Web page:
IVI to design adaptive Phase Ib/IIa trial for schistosomiasis vaccine
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IVI to design adaptive Phase Ib/IIa trial for schistosomiasis vaccine

01 Jun 2021 (Last Updated June 1st, 2021 11:28)

The vaccine could be a safe and cost-effective option to lower morbidity and mortality from the schistosomiasis disease.

The International Vaccine Institute (IVI) has received a grant from the Bill & Melinda Gates Foundation to design an adaptive protocol for a Phase Ib/IIa clinical trial of a schistosomiasis vaccine candidate, SchistoShield (Sm-p80 adjuvanted in GLA-SE).

In non-human primate studies, the vaccine candidate demonstrated favourable safety and efficacy.

It shows different mechanisms of action in the Schistosome lifecycle and could possibly offer a treatment that disrupts the schistosomiasis infection cycle.

A parasitic disease, schistosomiasis is caused by trematode worms of the Schistosoma genus.

The Trial Planning Grant from the Gates Foundation is part of its Design, Analyze, Communicate (DAC) programme to aid beneficiaries in streamlining clinical trials to offer informative and impactful results.

The objective of IVI’s schistosomiasis vaccine programme is to expedite the development of a vaccine that is safe, efficient and cost-effective and can lower morbidity and mortality from the disease in moderate to high-transmission areas.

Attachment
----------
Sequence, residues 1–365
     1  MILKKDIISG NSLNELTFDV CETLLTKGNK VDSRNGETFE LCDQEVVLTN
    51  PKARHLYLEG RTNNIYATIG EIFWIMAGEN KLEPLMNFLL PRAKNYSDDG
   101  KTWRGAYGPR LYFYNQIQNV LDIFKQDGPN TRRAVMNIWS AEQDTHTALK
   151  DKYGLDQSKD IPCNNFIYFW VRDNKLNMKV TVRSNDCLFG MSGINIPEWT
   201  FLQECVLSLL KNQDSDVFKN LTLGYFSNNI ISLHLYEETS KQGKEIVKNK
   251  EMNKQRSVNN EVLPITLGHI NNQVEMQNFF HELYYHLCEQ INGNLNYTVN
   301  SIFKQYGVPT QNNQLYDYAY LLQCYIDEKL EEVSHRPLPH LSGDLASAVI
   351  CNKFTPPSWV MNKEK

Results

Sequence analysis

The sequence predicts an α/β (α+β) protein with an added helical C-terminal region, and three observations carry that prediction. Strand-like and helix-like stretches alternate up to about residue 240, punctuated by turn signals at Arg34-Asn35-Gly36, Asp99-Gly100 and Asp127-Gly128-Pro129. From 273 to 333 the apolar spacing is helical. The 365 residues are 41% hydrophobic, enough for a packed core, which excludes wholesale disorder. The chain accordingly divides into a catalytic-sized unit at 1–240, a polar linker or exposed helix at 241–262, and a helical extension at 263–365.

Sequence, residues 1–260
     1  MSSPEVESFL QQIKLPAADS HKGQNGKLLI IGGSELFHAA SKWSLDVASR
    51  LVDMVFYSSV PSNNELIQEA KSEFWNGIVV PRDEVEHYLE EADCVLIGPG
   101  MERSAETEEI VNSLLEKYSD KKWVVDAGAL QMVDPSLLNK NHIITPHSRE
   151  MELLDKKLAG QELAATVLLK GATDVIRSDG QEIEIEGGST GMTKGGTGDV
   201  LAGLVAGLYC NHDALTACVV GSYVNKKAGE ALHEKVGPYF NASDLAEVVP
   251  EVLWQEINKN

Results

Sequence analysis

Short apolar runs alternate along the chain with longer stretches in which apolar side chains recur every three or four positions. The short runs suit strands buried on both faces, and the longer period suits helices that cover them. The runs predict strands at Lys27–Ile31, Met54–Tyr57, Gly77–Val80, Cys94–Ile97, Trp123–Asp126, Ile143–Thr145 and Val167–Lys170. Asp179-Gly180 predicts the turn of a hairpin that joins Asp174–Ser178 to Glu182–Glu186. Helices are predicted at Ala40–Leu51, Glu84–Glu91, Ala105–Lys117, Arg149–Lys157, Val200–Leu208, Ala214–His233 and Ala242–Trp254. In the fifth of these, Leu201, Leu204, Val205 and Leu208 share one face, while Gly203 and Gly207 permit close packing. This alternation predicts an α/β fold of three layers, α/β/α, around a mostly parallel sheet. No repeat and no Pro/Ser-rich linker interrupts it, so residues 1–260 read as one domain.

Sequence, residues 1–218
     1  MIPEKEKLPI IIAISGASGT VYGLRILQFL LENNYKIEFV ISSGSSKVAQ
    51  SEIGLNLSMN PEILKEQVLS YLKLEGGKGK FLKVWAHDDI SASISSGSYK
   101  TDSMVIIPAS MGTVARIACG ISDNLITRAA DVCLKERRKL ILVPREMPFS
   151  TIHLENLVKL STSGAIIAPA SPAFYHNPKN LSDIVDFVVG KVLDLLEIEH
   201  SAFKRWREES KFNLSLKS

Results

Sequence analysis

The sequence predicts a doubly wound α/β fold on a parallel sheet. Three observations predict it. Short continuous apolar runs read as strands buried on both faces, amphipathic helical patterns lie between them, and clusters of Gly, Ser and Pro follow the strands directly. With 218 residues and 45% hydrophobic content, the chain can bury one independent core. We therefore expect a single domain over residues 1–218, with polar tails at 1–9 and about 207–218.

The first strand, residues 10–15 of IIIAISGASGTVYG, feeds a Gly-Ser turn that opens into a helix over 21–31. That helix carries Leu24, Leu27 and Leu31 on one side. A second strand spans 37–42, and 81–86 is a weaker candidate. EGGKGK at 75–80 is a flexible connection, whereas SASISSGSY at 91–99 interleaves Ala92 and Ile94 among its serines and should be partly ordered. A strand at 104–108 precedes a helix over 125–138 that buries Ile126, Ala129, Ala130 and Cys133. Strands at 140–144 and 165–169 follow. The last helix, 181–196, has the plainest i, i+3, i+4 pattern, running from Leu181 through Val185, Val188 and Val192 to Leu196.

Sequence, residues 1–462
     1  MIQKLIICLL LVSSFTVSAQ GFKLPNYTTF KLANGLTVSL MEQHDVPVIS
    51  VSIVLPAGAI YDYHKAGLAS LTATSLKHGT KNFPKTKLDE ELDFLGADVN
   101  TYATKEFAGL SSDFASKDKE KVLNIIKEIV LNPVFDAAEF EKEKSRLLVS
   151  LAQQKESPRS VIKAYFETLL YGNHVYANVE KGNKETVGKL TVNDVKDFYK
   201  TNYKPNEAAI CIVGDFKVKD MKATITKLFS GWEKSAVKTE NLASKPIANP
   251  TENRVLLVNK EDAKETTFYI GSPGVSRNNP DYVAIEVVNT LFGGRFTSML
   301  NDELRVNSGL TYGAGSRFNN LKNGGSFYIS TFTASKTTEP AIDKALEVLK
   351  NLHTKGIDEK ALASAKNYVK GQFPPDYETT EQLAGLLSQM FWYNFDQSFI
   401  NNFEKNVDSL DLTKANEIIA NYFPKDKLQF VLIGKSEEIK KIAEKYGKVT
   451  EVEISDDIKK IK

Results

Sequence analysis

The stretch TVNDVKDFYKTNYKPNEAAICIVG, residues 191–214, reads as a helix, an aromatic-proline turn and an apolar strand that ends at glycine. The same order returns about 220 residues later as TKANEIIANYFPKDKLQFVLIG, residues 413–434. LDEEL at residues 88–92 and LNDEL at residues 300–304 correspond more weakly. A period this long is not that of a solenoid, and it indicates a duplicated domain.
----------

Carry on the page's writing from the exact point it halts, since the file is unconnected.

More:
IVI Epidemiology, Public Health and Impact deputy director-general Dr Florian Marks said: “A safe, effective, and accessible vaccine is the most sustainable solution to breaking the devastating cycle of Schistosomiasis infection and will save lives and improve the livelihoods of hundreds of millions of people.

“We are grateful to the Gates Foundation for their support and guidance in planning an adaptive Phase Ib/IIa clinical trial for a schistosomiasis vaccine candidate, which would accelerate the clinical development timeline as well as licensure and pre-qualification processes.”

This vaccine project also received funding from the US National Institutes of Health (NIH) unit National Institute of Allergy and Infectious Diseases and European Union’s (EU) Horizon 2020 to support Phase I trials of the SchistoShield vaccine.

A first-in-human safety study will be conducted in healthy adults in the US at an NIH Vaccine and Treatment Evaluation Unit.

Subsequently, a Phase Ib placebo-controlled trial assessing the safety and immunogenicity of the vaccine in healthy adults in Burkina Faso and Madagascar will be launched.

IVI noted that the latest grant will aid in adapting the Phase Ib trial design, which could facilitate expediting the vaccine’s clinical development.